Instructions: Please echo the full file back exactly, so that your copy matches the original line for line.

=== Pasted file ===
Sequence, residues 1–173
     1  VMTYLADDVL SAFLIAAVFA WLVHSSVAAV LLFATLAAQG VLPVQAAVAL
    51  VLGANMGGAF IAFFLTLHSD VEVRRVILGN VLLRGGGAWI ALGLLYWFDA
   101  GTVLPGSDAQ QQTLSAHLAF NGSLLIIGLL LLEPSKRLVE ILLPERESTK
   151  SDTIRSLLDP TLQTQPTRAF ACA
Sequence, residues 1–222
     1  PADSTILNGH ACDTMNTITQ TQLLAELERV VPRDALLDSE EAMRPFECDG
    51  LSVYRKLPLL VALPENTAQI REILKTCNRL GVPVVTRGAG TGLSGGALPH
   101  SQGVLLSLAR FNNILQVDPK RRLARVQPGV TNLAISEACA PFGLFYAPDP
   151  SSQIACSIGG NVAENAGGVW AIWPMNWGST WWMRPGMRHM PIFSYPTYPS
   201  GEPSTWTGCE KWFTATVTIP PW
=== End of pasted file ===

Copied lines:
Sequence, residues 1–173
     1  VMTYLADDVL SAFLIAAVFA WLVHSSVAAV LLFATLAAQG VLPVQAAVAL
    51  VLGANMGGAF IAFFLTLHSD VEVRRVILGN VLLRGGGAWI ALGLLYWFDA
   101  GTVLPGSDAQ QQTLSAHLAF NGSLLIIGLL LLEPSKRLVE ILLPERESTK
   151  SDTIRSLLDP TLQTQPTRAF ACA
Sequence, residues 1–222
     1  PADSTILNGH ACDTMNTITQ TQLLAELERV VPRDALLDSE EAMRPFECDG
    51  LSVYRKLPLL VALPENTAQI REILKTCNRL GVPVVTRGAG TGLSGGALPH
   101  SQGVLLSLAR FNNILQVDPK RRLARVQPGV TNLAISEACA PFGLFYAPDP
   151  SSQIACSIGG NVAENAGGVW AIWPMNWGST WWMRPGMRHM PIFSYPTYPS
   201  GEPSTWTGCE KWFTATVTIP PW